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Hoffmann, R. A wiki for the life sciences where authorship matters. Nature Genetics (2008)

Thalamic NMDA receptors in the gamma-hydroxybutyrate model of absence seizures: a cerebral microinjection study in rats.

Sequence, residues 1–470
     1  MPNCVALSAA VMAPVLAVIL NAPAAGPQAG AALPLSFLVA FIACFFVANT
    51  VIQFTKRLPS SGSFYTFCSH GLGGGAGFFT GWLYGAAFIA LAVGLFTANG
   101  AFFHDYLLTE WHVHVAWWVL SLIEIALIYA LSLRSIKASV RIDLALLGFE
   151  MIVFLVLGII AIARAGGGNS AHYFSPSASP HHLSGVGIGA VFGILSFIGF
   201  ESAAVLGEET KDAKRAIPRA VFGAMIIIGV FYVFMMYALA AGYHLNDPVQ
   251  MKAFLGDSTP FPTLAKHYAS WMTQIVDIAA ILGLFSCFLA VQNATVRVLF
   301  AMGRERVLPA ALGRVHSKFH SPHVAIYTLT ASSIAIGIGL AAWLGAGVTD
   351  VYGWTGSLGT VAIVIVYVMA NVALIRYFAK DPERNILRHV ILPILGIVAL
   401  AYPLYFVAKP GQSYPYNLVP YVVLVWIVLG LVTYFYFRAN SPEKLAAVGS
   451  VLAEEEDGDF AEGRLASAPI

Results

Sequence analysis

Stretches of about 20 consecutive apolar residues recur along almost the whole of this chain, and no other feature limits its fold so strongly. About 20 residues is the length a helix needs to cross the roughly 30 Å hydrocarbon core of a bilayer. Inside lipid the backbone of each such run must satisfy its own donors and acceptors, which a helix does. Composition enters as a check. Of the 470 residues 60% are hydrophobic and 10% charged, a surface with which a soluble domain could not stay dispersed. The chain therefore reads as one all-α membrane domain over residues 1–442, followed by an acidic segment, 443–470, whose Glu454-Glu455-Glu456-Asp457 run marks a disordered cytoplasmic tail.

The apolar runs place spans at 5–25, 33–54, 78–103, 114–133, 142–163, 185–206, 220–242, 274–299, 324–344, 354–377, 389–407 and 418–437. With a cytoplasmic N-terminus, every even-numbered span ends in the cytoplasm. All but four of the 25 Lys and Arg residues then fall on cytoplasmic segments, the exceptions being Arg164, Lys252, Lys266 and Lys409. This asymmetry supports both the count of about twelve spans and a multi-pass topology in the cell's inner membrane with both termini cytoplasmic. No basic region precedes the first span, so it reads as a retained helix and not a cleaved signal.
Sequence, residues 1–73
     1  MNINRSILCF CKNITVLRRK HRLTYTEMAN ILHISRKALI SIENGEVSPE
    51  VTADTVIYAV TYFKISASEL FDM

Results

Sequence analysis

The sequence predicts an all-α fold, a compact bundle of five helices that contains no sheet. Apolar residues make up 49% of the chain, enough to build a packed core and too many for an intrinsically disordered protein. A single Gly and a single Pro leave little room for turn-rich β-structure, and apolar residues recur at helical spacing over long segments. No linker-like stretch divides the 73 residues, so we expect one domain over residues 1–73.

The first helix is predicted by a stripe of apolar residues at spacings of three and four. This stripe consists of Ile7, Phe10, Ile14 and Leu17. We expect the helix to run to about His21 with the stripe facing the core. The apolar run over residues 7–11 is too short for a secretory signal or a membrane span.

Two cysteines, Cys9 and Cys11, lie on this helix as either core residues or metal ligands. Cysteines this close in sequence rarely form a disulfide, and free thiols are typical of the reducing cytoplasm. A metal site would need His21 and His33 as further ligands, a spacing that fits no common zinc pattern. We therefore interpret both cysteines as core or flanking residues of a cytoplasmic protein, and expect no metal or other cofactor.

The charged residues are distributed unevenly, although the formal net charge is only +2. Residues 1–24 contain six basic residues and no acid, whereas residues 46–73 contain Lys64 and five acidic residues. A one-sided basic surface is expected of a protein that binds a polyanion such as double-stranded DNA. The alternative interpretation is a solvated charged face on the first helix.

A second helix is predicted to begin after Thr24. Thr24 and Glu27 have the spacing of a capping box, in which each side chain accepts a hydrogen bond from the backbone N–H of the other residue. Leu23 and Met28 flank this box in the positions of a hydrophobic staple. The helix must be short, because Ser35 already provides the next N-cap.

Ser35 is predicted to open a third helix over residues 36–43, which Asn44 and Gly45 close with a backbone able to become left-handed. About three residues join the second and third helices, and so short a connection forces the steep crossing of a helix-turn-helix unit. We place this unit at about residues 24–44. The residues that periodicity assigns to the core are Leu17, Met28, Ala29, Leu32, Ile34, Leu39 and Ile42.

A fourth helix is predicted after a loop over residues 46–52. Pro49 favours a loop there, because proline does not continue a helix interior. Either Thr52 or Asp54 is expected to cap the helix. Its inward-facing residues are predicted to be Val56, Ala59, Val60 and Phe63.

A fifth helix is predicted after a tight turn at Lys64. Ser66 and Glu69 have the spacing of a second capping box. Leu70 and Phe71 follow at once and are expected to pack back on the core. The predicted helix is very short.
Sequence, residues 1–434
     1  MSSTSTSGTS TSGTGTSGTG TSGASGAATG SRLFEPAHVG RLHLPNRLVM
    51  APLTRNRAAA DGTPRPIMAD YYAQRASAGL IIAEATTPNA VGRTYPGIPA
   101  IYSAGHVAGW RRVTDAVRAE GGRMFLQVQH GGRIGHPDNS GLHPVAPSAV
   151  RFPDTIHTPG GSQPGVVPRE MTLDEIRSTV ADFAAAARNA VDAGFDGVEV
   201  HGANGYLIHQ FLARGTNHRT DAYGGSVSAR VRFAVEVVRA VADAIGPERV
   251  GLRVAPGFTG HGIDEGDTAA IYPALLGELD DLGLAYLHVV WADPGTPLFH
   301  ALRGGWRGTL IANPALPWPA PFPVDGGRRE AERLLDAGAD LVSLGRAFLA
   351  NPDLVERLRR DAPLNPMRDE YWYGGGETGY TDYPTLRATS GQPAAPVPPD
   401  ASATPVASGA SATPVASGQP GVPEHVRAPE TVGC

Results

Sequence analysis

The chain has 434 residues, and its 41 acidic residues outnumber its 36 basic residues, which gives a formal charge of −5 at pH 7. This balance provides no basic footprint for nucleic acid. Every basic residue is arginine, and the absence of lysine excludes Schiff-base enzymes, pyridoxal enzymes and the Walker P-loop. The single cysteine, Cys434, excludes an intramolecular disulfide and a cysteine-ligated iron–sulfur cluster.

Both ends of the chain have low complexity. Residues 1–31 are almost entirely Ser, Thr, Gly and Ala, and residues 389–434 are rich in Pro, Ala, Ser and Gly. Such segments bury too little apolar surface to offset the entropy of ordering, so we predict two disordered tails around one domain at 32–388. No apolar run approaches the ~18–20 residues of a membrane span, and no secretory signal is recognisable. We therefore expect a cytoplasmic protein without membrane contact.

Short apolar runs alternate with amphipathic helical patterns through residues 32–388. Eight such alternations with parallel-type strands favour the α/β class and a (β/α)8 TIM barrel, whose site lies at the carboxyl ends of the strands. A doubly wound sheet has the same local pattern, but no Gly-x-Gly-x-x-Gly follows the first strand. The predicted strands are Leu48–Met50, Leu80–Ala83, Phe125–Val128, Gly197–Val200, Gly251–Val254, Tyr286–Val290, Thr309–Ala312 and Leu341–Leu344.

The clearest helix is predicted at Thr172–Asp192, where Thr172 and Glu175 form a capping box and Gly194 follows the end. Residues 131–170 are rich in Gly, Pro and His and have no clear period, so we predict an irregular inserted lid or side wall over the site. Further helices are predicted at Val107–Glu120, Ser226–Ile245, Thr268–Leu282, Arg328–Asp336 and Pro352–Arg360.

The possible role of thalamic NMDA receptors in the generation of experimental absence-like seizures was studied in rats. Bilaterally synchronous spike wave discharges were induced by gamma-hydroxybutyric acid (GHB) and were recorded simultaneously from different thalamic nuclei and the layers I-IV of frontoparietal cortex. Bilateral infusions of NMDA into thalamic mediodorsal nucleus, the intralaminar central lateral/paracentral nucleus, ventroposterolateral, or reticular nucleus of the thalamus in conscious rats, prior to GHB administration suppressed GHB-induced SWD in a dose dependent manner. However, no such suppression of GHB-induced SWD was observed when NMDA infusions were made into the above thalamic sites after the onset or development of GHB-induced SWD. Pretreatment with high doses of competitive (CGP 43487) or non-competitive NMDA receptor antagonists (MK-801 and ketamine) also dose dependently suppressed GHB-induced SWD. Both MK-801 and CGP 43487 dose dependently antagonized NMDA-mediated inhibition of GHB-induced SWD activity but at lower doses did not produce significant inhibition of GHB-induced SWD. The anti-SWD effects of NMDA, MK-801 and ketamine but not CGP 43487 were more pronounced in the mediodorsal and intralaminar thalamic nuclei than in the ventroposterolateral or reticular nucleus of thalamus. Because low doses of NMDA antagonists failed to disrupt the generation of seizures in the GHB model, these findings do not support a role for thalamic NMDA receptors in the pathogenesis of absence-like seizures induced by gamma-hydroxybutyric acid.[1]


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